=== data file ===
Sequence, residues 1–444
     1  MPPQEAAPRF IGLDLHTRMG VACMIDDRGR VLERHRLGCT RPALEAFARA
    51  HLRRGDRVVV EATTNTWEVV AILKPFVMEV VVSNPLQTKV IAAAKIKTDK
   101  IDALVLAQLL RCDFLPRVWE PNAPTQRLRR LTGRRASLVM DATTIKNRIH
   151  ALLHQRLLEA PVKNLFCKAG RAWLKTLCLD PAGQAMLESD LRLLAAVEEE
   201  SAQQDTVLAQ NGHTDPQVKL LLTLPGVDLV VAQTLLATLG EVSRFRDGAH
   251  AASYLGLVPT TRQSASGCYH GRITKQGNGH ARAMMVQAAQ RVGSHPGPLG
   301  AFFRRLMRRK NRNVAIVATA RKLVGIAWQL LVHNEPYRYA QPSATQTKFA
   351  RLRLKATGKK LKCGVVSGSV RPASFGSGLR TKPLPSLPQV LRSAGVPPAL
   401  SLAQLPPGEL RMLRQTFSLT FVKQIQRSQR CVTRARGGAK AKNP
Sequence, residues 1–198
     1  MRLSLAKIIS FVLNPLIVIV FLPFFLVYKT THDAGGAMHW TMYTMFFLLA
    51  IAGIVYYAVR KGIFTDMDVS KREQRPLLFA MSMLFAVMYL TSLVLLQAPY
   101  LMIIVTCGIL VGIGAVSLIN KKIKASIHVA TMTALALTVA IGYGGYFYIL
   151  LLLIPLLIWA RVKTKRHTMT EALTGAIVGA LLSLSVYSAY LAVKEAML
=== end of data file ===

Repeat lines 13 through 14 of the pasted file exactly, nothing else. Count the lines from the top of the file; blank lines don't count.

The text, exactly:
    51  IAGIVYYAVR KGIFTDMDVS KREQRPLLFA MSMLFAVMYL TSLVLLQAPY
   101  LMIIVTCGIL VGIGAVSLIN KKIKASIHVA TMTALALTVA IGYGGYFYIL